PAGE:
Teyla has an accident with an alien device that leads to revelations about the team. Rodney's not too happy about his. McKay/Sheppard, Teyla/?.
Spoilers up through and including 3x08 McKay and Mrs Miller.
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Life Lessons Learned From Aliens
The first civilization they came across that was advanced enough for Rodney to be genuinely impressed -- without them being Replicators, of course, which were also very impressive once you got past the part where they wanted to kill everyone in Atlantis and got their kicks out of sticking their hands in people's heads -- was P1X-887, a world of happy, smiling, lab coat-clad scientists. Their team had been greeted by the Supreme High Chancellor as soon as they'd set foot on the planet, and the people of Midea, as the world was called, seemed very eager to share their technology. It was wonderful. Rodney was instantly suspicious.
"You want to give it away, just like that?" he asked. "You don't even know us. We could be planning to take over your planet."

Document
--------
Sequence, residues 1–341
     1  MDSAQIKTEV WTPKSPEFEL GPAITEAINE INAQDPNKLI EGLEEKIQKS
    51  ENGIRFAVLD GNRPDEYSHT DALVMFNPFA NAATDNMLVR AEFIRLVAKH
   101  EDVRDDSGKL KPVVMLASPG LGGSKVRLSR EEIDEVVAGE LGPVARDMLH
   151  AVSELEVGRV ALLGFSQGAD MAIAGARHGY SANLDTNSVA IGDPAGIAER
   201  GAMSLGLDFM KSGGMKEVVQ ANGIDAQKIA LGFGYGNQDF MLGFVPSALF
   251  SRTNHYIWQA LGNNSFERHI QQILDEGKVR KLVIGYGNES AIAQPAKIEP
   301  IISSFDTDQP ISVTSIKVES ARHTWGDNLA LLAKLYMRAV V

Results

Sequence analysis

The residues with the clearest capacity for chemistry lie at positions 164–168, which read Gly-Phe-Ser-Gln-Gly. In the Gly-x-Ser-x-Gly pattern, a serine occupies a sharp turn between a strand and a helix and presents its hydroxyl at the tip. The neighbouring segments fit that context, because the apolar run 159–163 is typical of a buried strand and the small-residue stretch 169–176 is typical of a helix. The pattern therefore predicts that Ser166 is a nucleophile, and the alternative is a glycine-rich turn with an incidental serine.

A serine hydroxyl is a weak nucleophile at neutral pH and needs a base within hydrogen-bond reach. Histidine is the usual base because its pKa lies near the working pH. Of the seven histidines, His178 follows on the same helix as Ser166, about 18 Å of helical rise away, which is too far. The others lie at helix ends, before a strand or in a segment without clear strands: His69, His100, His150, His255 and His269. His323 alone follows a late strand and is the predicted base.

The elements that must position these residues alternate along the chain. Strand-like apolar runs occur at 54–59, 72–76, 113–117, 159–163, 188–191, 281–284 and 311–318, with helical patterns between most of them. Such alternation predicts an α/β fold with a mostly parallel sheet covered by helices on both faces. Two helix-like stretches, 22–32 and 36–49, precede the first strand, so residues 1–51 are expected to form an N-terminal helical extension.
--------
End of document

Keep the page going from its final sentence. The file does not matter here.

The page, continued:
Sheppard elbowed him in the ribs. Hard. "That's just Rodney's way of saying, yes, we'd love to see your technology."
The Chancellor was obviously a very wise man, as he had recognized Rodney's significance almost immediately. He seemed to be under the impression Rodney was the team leader; Rodney felt it was in everyone's best interests not to correct him. "It is rare we meet travelers who have knowledge such as yours," he said, leading Rodney and the rest of the team towards what he'd said was their main research facility. He was an old geezer with a trimmed white beard, dressed in a long, grey robe with bell sleeves. He also had a tall, pointy grey hat that was a little more Harry Potter than alien. Sheppard had already slipped and called him "Dumbledore" twice.
"Well, very few people have quite the amount of knowledge I do, Your Honour," Rodney replied smugly. He threw Sheppard a smirk; Sheppard rolled his eyes.
The Chancellor smiled. "The people of Midea hope we can trade with the people from the city of the Ancestors."
"Yeah, the Ancestors," Sheppard said, sounding uncomfortable.